Jim McAndrew would quickly retire the first two Padres batters in the eighth inning. That presented manager Preston Gomez with a difficult decision. Does he pinch hit for Kirby, or leave him in to finish his no-hitter ? Tony La Russa faced a similar situation with Bud Smith on September 2, 2001, and chose to leave the young left-hander in the game. Ironically, that game was against the San Diego Padres.
Gomez chose differently, and lifted Clay Kirby for a pinch hitter. The Curse of Clay Kirby started the moment Clarence (Cito) Gaston stepped up to the plate. Naturally, he would strikeout, which would give the curse-hunters one more piece of evidence.
The ninth inning was a complete disaster for Padres reliever and former Phillies closer Jack Baldschun. The Mets would send seven men to the plate and give McAndrew a pair of much needed insurance runs. He didn’t need them as he retired the Padres in order in their half of the inning, without a ball even leaving the infield. McAndrew earns the win with a nifty 3 hitter while Kirby goes 8 innings without allowing a single hit. But takes the loss.
Did Gomez’s decision to remove Clay Kirby from a no hitter really curse the Padres ? I don’t know, but in their 42 year existence as a franchise, no Padres pitcher has thrown a no hitter, although a few have come close.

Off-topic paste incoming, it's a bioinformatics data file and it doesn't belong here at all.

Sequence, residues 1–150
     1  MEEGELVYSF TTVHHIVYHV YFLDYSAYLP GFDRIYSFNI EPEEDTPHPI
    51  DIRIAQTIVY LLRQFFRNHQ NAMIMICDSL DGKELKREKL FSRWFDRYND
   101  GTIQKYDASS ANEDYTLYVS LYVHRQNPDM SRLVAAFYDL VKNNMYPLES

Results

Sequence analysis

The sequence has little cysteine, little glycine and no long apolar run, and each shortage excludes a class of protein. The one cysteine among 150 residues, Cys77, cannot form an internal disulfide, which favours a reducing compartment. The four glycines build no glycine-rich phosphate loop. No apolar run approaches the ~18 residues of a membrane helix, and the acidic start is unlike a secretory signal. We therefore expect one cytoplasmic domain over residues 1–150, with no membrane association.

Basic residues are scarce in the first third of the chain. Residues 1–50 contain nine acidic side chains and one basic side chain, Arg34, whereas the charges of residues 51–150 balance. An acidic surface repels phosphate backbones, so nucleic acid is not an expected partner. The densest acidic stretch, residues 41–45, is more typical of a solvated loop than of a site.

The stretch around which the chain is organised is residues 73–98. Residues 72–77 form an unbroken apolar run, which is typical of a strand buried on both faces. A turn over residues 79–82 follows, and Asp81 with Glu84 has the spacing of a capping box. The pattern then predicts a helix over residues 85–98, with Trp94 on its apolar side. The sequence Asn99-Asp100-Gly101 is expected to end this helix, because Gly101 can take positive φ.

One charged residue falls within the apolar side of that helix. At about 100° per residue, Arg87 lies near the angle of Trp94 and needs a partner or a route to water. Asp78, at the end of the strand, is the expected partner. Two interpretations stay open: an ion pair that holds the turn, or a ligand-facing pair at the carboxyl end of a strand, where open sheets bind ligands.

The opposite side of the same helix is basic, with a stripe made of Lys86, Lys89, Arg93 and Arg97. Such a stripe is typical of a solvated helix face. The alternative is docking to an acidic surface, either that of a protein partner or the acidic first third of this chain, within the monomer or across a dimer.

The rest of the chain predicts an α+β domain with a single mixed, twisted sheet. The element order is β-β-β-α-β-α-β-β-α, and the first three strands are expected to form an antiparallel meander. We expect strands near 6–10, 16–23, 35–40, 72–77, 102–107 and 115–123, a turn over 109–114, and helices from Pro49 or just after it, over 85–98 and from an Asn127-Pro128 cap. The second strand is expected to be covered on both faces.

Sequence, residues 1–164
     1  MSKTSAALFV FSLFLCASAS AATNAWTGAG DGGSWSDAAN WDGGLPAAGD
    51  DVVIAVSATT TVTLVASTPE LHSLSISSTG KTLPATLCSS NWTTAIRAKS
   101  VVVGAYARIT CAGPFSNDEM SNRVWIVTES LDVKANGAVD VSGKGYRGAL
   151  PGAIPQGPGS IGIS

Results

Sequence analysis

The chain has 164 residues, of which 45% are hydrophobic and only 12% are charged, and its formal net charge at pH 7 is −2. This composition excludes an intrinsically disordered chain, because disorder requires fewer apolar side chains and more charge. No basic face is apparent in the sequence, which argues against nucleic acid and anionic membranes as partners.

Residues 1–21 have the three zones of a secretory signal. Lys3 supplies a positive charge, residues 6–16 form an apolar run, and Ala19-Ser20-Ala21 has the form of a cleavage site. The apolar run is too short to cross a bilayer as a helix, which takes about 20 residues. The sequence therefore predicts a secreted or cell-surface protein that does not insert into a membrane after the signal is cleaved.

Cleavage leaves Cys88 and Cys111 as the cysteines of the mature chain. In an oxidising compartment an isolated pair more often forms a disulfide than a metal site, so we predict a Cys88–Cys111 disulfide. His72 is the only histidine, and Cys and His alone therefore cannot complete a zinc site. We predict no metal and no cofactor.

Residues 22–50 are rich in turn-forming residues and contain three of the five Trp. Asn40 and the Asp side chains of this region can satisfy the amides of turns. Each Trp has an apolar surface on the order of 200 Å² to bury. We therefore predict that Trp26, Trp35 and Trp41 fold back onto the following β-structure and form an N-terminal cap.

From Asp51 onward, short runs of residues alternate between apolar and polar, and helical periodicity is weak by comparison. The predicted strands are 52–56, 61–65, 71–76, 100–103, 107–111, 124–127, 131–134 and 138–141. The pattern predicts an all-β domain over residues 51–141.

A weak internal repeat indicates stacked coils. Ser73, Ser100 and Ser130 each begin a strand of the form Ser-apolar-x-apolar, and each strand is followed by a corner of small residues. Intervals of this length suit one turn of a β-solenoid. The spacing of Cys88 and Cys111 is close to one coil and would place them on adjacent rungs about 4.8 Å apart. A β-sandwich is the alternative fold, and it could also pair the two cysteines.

Steve Arlin came close in 197 two years after Kirby’s game. After throwing several two hitters, and even a 1 hitter, he took a no-hitter into the ninth inning against the Philadelphia Phillies. Denny Doyle would break up the no-hitter with a single. After a balk, Arlin loses the shutout when he gives up the second hit of the game.
Chris Young would also come close on September 22, 2006. He would take a no hitter into the ninth inning against the Pittsburgh Pirates. With one out, a walk to Jose Bautista would bring pinch hitter Joe Randa to the plate. With one swing of the bat, Young loses the no-hitter and shutout when Randa hits a 2 run homer. Young would not even finish the game.
And finally, earlier this season, four Padres pitchers (Aaron Hurang, Chad Qualls, Mike Adams and Josh Spence) would hold the Los Angeles Dodgers hitless into the ninth inning. The fifth Padres pitcher, former Cardinal Luke Gregerson would retire the first two Dodgers before giving up a double and single to lose the game.
Is there a curse ? The Padres have been no-hit seven times, including twice to Cardinals pitchers (Bud Smith, Bob Forsch). They have never thrown one, and bad things seem to happen when they come close. Dont tell Andy Hawkins, who started his career in San Diego – he knows. I’ll let you decide whether or not the Padres are cursed. Perhaps it is just an interesting set of coincidences.